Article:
Already approved by the Village of Mineola, a proposed 285-unit condominium project will likely be turned into rental apartments to prevent a neighboring village from ordering changes to the development.
The nine-story condo building pitched by Polimeni International was thought to be a done deal last year when Mineola Mayor Jack Martins and the village board voted 5-0 to green light the plan. But the project site on Old Country Road is within 300 feet of the Garden City border, giving that village shared jurisdiction over its subdivision approval. Garden City made some demands, prompting Polimeni to take a defiant detour.
Company Vice President Michael Polimeni confirmed that the $165 million development, dubbed the Winston, is going rental because, he explained, no subdivision is needed for rental apartments. The move effectively eliminates Garden City from any further say in the project, although Polimeni suggested the village has said too much already.
“They wanted it two stories lower and pushed back about 15 feet, which would have cut the project in half,” Polimeni said of Garden City’s demands. Polimeni added that the increased setback of the U-shaped building eliminated several units that were to be built above it. The developer said Garden City asked for a $20,000 fee – to be replenished as needed – to pay for a new environmental review, even though the Winston had already been through the process.
Mayor Martins characterized Garden City’s interference as unique, and said he doesn’t understand how that village can ask for an additional environmental review when they were part of the first one.
“They had full opportunity to be heard in the review process,” Martins told LIBN. “To try and undermine our village’s decision-making process is absurd.”
Garden City Mayor Robert Rothschild said his village “has the right to give its opinion” on the development because of its proximity. In the switch to rentals, Rothschild said Polimeni has figured out a way to get around Garden City’s objections about height and density.
“It’s a business decision he’s made,” Rothschild conceded.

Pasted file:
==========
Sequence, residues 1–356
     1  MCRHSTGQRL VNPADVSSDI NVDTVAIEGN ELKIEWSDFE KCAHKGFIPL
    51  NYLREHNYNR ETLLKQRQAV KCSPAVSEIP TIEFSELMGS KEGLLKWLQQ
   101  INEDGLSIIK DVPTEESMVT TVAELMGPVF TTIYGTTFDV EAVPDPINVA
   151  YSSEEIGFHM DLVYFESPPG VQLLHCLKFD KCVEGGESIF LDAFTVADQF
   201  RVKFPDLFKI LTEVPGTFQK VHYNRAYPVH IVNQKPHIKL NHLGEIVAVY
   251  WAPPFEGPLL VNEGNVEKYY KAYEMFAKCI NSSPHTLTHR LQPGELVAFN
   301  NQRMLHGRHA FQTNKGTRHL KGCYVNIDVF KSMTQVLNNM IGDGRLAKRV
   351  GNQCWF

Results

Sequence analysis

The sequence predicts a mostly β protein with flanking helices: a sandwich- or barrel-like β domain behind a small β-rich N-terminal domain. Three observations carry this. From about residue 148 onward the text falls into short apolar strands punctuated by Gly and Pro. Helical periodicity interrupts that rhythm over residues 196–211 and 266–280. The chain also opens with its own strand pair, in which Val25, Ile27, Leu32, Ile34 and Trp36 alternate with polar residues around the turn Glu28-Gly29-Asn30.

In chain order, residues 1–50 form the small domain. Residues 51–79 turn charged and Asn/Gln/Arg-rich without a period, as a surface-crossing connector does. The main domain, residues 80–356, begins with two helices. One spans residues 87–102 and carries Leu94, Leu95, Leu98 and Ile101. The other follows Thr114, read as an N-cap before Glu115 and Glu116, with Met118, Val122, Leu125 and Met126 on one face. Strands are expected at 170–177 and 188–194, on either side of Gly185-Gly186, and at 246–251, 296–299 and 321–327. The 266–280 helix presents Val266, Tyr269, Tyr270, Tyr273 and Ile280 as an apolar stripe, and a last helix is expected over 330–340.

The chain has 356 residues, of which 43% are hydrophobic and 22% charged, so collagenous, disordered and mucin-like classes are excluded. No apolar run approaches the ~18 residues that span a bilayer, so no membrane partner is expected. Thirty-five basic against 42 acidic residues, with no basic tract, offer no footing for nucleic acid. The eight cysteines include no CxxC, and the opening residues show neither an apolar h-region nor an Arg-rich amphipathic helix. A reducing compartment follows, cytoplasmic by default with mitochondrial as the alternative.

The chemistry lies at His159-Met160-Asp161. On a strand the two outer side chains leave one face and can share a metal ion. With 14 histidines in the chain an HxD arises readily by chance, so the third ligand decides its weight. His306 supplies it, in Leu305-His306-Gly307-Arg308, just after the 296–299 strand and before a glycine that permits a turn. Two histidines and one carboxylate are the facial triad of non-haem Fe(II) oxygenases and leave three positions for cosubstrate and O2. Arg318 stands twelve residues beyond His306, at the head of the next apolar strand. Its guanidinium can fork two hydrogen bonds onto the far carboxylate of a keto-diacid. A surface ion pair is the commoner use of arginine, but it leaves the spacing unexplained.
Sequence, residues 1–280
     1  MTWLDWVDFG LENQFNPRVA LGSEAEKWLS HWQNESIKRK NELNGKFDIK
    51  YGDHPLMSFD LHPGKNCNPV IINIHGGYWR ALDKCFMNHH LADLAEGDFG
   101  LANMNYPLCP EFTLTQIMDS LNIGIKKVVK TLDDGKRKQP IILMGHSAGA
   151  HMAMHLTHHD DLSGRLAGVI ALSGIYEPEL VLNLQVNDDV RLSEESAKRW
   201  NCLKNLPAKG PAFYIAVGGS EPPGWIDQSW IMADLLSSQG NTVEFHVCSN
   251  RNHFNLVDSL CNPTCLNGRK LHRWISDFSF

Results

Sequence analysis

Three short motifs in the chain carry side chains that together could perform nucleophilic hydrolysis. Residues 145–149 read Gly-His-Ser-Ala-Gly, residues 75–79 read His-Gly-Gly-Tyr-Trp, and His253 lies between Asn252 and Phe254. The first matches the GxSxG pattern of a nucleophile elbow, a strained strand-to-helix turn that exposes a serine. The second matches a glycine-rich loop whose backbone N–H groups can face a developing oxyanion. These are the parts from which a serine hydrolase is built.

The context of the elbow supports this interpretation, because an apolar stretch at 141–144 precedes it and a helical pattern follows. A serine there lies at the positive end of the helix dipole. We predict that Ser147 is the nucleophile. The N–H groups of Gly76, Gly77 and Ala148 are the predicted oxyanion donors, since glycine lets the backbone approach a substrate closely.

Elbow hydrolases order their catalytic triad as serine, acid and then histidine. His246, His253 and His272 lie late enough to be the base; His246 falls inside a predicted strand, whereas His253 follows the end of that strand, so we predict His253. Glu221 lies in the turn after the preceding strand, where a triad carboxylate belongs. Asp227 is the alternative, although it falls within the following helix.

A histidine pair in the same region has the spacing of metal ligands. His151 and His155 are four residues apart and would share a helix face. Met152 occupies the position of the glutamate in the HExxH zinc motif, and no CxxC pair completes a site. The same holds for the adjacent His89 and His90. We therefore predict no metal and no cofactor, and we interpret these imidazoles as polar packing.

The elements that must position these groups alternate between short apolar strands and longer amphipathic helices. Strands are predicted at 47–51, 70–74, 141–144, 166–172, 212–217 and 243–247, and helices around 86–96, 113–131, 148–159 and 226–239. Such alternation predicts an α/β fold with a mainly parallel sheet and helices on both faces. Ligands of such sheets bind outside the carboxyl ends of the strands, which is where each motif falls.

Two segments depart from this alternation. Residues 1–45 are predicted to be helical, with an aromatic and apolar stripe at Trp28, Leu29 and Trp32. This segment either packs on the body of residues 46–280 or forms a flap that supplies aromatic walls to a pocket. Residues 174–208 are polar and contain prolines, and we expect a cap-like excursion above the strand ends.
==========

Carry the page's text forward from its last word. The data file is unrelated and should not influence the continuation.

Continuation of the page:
Since financing would be more readily available for rentals in today’s lending climate, the economics are better for rentals now, Martins added.
Originally slated for 285 condos, the Winston would be redesigned to accommodate about 300 apartments, according to Polimeni. While the condos would have been two-bedroom and three-bedroom units, the apartments will be studios, and mostly one-bedroom and two-bedroom units.
Martins said the site of the Polimeni plan, about a block from Mineola’s Long Island Rail Road station, is the right spot for this level of density. Because the Winston would be surrounded by office buildings, he said vehicular traffic wouldn’t be an issue, but pedestrian traffic will increase and further enliven Mineola’s burgeoning downtown.
Martins said Mineola’s village board originally insisted having owner-occupied residences in the Polimeni project, but considering the economic downturn and the challenges in securing financing for 285 new homes, the mayor said rentals will work too, as long as there’s some action soon.
“If we’re going to change the conditions of the project, we’d like to see a commitment that they will break ground in a certain amount of time,” Martins said.
Polimeni said demolition of existing buildings and site preparation could start this fall. The project includes a makeover of the 117,000-square-foot office building next door – also Polimeni’s – to match the exterior of the residential development.
Since rental apartments are new to his company, Polimeni said partnering with a multifamily specialist on the Mineola project is a strong possibility.
Mineola has scheduled a public hearing for July 14 to consider the switch from condos to rentals.